The Republican Party’s efforts to define Fred Hubbell early on have not had much success in the past month and a half. Now even Senator Chuck Grassley is critical of his party’s line of attack.
“I always stick to policy when I’m campaigning, and I would advise other people to stick to policy,” Grassley told reporters yesterday when responding to questions about the “Sir Frederick” nickname that the Republican Party of Iowa has given Hubbell.
It was the largest indication yet that Republicans are growing concerned about their own strategy to frame Hubbell as an out-of-touch rich guy. The goal seems to be to make Hubbell the next Mitt Romney (never mind that Republicans urged voters to back Romney a few years ago – or the wealthy businessman president we have currently), but it hasn’t really seemed to stick.
Hubbell Responds To Reynolds Attack Ad
The Hubbell campaign is up with their own TV ad responding to Kim Reynolds’ first negative ad of the cycle that blames Hubbell for Younkers store closures in rural Iowa.
“Kim Reynolds tells a lot of stories, but that doesn’t make them true,” the narrator begins the ad with.
It goes on to note that Hubbell ran Younkers over 30 years ago (something that may mitigate the impact of Reynolds’ ads – do voters care about store closures from three decades’ past?) and that Hubbell added hundreds of jobs to the company. It went on to contrast Hubbell’s past work of financing mental health facilities and a Planned Parenthood clinic while Reynolds has cut funding for Medicaid and mental healthcare.
The quick reaction time is also one of the benefits that supporters of Hubbell mentioned back in the primary. Being the best-funded Democratic campaign that Iowa has ever seen means that Hubbell has the resources to quickly respond to any Republican attack on the airwaves. The party’s candidates for key offices in the past haven’t had the ability to match every criticism ad for ad, allowing the negative perceptions to slowly take hold.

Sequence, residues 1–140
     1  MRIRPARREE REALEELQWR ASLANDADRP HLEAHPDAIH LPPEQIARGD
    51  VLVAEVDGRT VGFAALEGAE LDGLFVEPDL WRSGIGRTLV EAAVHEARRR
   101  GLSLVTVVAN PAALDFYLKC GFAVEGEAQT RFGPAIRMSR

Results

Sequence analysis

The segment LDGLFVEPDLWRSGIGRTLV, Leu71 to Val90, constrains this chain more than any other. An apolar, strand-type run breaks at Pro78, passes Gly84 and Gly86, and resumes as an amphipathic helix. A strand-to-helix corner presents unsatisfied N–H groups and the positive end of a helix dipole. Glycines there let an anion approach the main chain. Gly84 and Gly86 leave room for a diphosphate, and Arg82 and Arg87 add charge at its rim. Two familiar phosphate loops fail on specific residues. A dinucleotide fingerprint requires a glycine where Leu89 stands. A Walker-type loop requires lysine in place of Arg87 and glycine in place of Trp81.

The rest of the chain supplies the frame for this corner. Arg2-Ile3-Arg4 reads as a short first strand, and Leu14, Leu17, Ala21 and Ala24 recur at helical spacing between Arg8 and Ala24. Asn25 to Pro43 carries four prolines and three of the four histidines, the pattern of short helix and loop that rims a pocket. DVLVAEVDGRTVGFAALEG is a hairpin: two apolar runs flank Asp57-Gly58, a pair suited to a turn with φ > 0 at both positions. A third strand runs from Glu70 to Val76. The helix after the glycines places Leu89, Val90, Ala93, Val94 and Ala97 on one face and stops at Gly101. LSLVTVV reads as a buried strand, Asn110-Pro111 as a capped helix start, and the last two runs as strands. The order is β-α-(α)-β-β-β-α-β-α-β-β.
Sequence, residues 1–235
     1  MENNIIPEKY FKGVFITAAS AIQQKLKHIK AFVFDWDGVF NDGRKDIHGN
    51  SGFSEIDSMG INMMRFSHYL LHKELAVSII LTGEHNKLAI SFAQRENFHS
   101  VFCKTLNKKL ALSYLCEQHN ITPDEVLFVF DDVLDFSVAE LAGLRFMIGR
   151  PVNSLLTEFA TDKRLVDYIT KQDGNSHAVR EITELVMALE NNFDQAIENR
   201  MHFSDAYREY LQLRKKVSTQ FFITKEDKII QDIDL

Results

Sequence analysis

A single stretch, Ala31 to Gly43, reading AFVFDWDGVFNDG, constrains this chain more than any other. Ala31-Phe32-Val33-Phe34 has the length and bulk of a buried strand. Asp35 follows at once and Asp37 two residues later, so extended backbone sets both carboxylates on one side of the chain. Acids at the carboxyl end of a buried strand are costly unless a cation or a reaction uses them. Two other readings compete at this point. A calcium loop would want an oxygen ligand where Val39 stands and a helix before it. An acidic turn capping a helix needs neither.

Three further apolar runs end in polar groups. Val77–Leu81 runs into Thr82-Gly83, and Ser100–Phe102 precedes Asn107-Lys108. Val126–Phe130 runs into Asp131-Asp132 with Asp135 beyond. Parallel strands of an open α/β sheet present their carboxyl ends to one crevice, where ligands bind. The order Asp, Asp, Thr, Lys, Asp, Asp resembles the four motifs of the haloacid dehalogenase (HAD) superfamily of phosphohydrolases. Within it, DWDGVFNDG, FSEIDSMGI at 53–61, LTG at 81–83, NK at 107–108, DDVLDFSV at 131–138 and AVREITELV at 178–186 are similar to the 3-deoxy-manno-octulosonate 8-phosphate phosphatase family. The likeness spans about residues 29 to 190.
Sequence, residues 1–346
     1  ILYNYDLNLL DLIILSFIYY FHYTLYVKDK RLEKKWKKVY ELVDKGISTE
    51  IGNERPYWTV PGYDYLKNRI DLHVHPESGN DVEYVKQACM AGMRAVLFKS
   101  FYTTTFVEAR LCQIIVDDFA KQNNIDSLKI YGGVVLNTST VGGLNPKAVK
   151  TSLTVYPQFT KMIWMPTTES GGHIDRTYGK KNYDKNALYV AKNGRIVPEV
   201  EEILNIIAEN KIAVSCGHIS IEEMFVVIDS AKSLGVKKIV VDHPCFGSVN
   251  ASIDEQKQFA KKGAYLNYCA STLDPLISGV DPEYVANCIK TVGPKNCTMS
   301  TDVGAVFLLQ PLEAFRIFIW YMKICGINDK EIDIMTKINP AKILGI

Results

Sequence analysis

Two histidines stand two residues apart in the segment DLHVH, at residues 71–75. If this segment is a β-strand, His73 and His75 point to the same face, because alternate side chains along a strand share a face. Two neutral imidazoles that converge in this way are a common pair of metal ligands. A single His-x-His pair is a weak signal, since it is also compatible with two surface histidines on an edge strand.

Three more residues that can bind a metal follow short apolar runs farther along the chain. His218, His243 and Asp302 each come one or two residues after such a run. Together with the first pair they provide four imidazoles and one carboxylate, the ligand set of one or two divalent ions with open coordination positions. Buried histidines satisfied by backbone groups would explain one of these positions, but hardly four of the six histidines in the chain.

Reynolds Updates Her Own Ad
Blink and you might miss the change that Kim Reynolds’ campaign made to her negative ad, but it’s an interesting one that gives us a chance to talk about TV ad rules. In the original ads that were shipped to TV stations at the end of last week, there’s the usual “Paid for by” line at the bottom of the screen for the final few seconds:
In an updated version to the ad sent to stations early this week, there is now a little photo of Governor Reynolds positioned right next to the disclosure line. These are known as “postage stamp” photos.
Now, why does that matter? It’s not like many viewers were going to be confused over who this ad was paid for by even if their eyes didn’t notice the text at the bottom of the screen. But the reason it’s noteworthy is because of the non-censorship protection and cheaper rates for candidate ads.
Here’s how it works: U.S. Code Title 47 Chapter 315 governs how TV stations handle candidates’ ads, equal opportunity protections and rules for non-censorship. Under the statue, a “legally qualified candidate for any public office” can air their message and the TV stations have “no power of censorship over the material broadcast.” They also importantly get access to certain pricing rates for candidates that issue group ads may not. But only if the ads do certain things.
Essentially, if you’re just saying positive things about yourself, you’re fine. Talking about your opponent, however, is different.
“Such candidate shall not be entitled to receive the rate under paragraph (1)(A) for the use of any broadcasting station unless the candidate provides written certification to the broadcast station that the candidate (and any authorized committee of the candidate) shall not make any direct reference to another candidate for the same office, in any broadcast using the rights and conditions of access under this chapter, unless such reference meets the requirements of subparagraph (C) or (D),” it states.
So, what are those requirements? It describes them as such:
“(C) Television broadcasts: A candidate meets the requirements of this subparagraph if, in the case of a television broadcast, at the end of such broadcast there appears simultaneously, for a period no less than 4 seconds –
- a clearly identifiable photographic or similar image of the candidate; and
- a clearly readable printed statement, identifying the candidate and stating that the candidate has approved the broadcast and that the candidate’s authorized committee paid for the broadcast.”
Essentially, candidates’ ads are protected under free speech rules and have broad leeway in what they can say about their opponents so long as they put a photo of themselves in some way in their ad for at least four seconds. That gets them under the non-censorship protection, as well as the special advertising rate.
It’s entirely possible that Reynolds’ campaign simply updated the ad in order for it to fall into compliance for the candidate ad pricing rates. But Hubbell’s campaign has also argued that the allegation about the $90,000 pay raise (implied in the ad that it was done after the store closures) came about from a job promotion Hubbell received before those closures – not some increase he gave himself. And they’ve noted he wasn’t running the day-to-day operations when those specific stores shut down.
So, it’s also possible that the change was to make extra sure it couldn’t get challenged for false or misleading statements. Which would tell you something about the actual merit of Reynolds’ claims.
by Pat Rynard